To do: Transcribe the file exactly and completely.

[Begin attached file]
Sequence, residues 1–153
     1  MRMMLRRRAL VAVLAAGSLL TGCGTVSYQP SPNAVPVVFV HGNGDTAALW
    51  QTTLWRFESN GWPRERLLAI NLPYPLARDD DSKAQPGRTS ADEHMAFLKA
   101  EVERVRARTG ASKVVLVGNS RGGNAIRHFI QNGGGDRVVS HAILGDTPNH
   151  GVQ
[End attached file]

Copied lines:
Sequence, residues 1–153
     1  MRMMLRRRAL VAVLAAGSLL TGCGTVSYQP SPNAVPVVFV HGNGDTAALW
    51  QTTLWRFESN GWPRERLLAI NLPYPLARDD DSKAQPGRTS ADEHMAFLKA
   101  EVERVRARTG ASKVVLVGNS RGGNAIRHFI QNGGGDRVVS HAILGDTPNH
   151  GVQ